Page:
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40

Based on what you've told us, your teacher is most likely thinking of the Proto-Indo-European people (Note: I am NOT saying it is accurate to call the PIE people "Proto-Ukrainians"). According to the most mainstream theory, the Kurgan hypothesis, these speakers of the ancient Proto-Indo-European language emerged from the Pontic-Caspian steppes some 6-8,000 ...


12

First off, I think Semaphore's answer has it right (which is why I upvoted it). Your teacher is almost certainly thinking of the Proto-Indo-Europeans. "Proto-" is a prefix commonly used to talk about the theoretical common ancestors of several seemingly related languages. Thus "Proto-Indo-European" would refer to the ancestors of all Indo-European speakers. ...


10

Yes, your suspicion is correct. Once man had boats (no later than 40,000 years ago) and the ability to live in the arctic, the island chains strung across the Bering Straight could not have been a significant barrier. There are native peoples who traverse it regularly today using native methods. As for evidence, archeologically we know about the Thule ...


8

One theory I have read—I believe Jared Diamond—is that Europe's diversity and fragmented nature spurred innovation, while the united China was much easier to control. To explain that: China produced more Iron, better ships etc. than similarly situated European nations in the early 1600s but when the empire's bureaucracy feared the growing power of the ...


8

This is not really true because there is no such thing as "proto-Ukrainian people". Both Ukrainians and Russians were invaders who came to their current homelands between 350 AD and 1000 AD. In other words, they were relatively recent immigrants, certainly long after any invasion of India took place. When the Ukrainians originally invaded the area was ...


7

There is no good answer to this question as posed, because many Asian-American ethnicities are poorer than the U.S. general public. In fact, Asian Americans' high incomes are largely due to Indian Americans, which is not necessarily the group most Americans think of when they hear the term "Asian American." Let's look at a 2012 Pew study of "The Rise of ...


6

I recently read a book, Across Atlantic Ice: The Origin of America's Clovis Culture that purports to challenge the foot traffic in two ways - first that ancient peoples were far more handy on boats than current thought, so a foot path isn't needed for them to spread, and second that evidence for passage from the Bering area is fairly thin in the period where ...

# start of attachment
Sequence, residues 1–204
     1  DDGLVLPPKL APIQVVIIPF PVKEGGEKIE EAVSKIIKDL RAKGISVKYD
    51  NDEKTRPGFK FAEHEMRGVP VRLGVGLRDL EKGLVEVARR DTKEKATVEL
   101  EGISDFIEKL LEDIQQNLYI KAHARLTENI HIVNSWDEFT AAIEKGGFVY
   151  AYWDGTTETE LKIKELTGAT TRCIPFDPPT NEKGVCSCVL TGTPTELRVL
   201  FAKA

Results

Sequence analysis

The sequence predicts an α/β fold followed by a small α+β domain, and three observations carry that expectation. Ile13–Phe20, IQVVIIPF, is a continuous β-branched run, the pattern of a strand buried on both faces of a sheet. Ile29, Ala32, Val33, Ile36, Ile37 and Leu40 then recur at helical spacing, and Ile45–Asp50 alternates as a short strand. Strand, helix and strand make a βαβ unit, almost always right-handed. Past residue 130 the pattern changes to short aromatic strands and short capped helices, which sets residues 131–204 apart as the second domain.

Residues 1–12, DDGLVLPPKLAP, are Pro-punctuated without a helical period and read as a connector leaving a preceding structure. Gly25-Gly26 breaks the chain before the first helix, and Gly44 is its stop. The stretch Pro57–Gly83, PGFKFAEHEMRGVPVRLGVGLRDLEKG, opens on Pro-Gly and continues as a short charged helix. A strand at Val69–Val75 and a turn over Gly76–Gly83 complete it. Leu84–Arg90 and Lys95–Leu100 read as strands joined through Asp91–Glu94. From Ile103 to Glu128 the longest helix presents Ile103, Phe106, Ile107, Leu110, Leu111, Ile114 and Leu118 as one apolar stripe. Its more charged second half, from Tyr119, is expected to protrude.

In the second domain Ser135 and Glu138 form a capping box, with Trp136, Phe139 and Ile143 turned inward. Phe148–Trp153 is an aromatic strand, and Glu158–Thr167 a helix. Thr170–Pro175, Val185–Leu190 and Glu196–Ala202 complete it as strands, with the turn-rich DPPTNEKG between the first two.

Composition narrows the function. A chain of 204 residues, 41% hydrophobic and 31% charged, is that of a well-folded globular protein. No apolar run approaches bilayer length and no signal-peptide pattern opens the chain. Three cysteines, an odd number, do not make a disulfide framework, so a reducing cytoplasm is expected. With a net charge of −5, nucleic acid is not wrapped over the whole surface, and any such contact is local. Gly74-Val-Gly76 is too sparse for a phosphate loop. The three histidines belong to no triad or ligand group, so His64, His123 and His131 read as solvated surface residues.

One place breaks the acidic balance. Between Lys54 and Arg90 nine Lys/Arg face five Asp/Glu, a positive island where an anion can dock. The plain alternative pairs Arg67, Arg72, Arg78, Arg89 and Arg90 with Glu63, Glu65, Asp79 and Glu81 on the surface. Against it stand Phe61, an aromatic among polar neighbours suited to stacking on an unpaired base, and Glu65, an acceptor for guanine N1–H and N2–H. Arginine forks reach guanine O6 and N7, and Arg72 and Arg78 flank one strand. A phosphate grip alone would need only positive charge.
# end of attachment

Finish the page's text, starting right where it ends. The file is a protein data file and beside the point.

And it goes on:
6

What your teacher teaches you is unfortunately a complete nonsense and political propaganda. There were no "Ukrainians" until the 17 century, and the notion of "proto-Ukrainians" (as people who lived of this territory) is unscientific. This is a good example of the use of history for political propaganda. Very many different peoples lived on the territory ...


4

First of all, the name of the Muslim-Turkish state that defeated Byzantine army in the 11th century at Manzikert was Great Seljuk Empire. As its name mentioned, though a relatively short lived one, it was indeed a great empire that extends from Central Asia to Egypt. Their Sultans, most governors and a significant part of their population were Oghuz Turks, ...


3

There were in fact several encounters between Fransiscan friars and Buddhists. Whether it resulted in transfer of "mysticism" can be questioned, but as with all religions, mixing and absorption of ideas is quite likely. Willem van Ruysbroeck, a Flemish Franciscan friar, spent six months in 1254 in Karakorum. In his "Itinirarium" he describes accurately ...


2

First, you can put aside the "Well the Europeans were just cleverer", as even a cursory glance at world history will show inventions and developments from all societies at one time or another, from the Incan to the Chinese. What I think could likely be the main trouble the Chinese had with technology is that the scale of the Chinese nation was so large. In ...


2

No. However, the Han Court did try to make the Hsiung'nu subservient to the Han Emperor through marriage alliances. Nicolae Iorga might have gotten the idea of Modu Chanyu (aka Mete Khan) being a Chinese servant from their wishful thinking. In 200 B.C., Modu invaded the newly established Han China. The first Han Emperor, Liu Bang, personally led a large ...


1

I remember being told that the development of glass making was one of the key technological breakthroughs that enabled the Enlightenment in Europe. Originally used for making vessels and windows, it allowed optics such as telescopes, magnifiers, microscopes, etc to be made. Once these had been invented sciences such as astronomy, chemistry and biology could ...


1

In addition to a huge standing army of war-toughened soldiers with nothing to do, nothing to lose, and eager for adventure (excellent point!), there were also other European countries which might jump on the opportunity. So, for the Chinese (who had a relatively unified and isolated empire), the question was "do we want to do that?". For the Spanish (who ...



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